The spring and early summer has been quite dry in many areas of Indiana. Typically, this will reduce the risk for soil-borne diseases caused by fungi. However, recent severe weather with ample soil moisture may have changed the situation. The fungal pathogen that causes SDS occurs in most soybean fields in nearly all areas of the state, and can cause root rot and top symptoms when conditions are favorable.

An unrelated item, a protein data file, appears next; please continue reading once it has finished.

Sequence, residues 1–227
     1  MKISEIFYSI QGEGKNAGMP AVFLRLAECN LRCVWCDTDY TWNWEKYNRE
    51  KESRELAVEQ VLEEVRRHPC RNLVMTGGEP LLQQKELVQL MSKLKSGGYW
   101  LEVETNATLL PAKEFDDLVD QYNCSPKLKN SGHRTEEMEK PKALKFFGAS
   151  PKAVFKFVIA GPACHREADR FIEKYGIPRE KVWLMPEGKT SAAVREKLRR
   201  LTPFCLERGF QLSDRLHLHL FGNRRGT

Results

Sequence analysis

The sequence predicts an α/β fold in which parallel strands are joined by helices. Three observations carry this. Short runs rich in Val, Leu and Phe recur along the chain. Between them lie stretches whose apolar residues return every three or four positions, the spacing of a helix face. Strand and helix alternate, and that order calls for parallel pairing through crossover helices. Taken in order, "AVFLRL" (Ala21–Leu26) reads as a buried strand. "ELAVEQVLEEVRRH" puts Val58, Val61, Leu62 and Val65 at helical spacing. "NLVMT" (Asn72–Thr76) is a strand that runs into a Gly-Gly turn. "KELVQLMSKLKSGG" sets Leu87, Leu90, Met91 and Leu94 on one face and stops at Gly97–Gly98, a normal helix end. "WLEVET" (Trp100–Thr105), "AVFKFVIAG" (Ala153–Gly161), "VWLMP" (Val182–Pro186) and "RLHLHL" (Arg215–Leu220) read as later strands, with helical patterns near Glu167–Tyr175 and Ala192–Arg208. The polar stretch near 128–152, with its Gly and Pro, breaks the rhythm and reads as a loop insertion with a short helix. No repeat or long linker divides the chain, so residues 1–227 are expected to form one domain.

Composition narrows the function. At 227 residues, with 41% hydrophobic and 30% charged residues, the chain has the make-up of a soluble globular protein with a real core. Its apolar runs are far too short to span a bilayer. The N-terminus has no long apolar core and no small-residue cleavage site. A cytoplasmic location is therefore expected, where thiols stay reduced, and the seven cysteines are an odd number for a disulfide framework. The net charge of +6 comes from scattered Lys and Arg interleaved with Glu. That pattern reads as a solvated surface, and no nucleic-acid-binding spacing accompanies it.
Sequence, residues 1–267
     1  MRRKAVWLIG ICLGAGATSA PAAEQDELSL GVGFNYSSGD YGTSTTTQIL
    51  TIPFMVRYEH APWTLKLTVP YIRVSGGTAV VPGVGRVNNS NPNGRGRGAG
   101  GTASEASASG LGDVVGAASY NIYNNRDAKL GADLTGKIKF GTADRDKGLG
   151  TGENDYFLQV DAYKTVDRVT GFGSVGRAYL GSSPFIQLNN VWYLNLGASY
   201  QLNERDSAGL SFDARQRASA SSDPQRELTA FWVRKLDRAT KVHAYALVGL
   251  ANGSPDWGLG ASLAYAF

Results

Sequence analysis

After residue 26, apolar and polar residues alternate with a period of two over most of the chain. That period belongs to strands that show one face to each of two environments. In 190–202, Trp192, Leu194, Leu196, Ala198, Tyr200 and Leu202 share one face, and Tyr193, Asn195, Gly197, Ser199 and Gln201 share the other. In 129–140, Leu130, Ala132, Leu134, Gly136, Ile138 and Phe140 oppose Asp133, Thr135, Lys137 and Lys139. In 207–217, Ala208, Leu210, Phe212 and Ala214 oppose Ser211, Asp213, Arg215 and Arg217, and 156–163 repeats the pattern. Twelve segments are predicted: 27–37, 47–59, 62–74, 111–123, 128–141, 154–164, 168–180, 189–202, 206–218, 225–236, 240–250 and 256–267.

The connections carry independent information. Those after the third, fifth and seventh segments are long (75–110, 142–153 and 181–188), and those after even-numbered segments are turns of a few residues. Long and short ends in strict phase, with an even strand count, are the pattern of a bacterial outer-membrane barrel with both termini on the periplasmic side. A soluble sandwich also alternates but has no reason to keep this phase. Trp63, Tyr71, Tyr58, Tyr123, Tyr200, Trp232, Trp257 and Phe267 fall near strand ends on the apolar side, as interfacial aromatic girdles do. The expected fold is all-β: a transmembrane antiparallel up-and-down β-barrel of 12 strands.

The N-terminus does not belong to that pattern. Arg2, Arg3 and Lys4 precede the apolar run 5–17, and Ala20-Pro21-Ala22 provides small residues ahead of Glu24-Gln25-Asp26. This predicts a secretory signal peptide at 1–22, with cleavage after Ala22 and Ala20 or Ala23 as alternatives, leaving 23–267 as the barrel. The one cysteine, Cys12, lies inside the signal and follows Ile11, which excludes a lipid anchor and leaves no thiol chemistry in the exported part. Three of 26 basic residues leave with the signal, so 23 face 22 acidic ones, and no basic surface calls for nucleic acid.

Sudden death syndrome is caused by the soil-borne fungus Fusarium solani f. sp. glycines with the newly proposed name Fusarium virguliforme. The SDS-pathogen can be isolated from roots of soybean seedlings as early as one week after crop emergence. The fungus colonizes the root systems of susceptible plants. While the fungus can colonize soybean root tissue early on, it is only at mid-season when soybean is in the reproductive growth stage that aboveground symptoms of SDS occur. Leaf symptoms usually do not appear until pods development, any time from mid July through mid August. Heavy rains during reproductive stages seem to be a critical predisposing factor for SDS. Under these conditions the fungus starts producing toxins in the root system that are translocated within the plant and lead to foliar symptoms.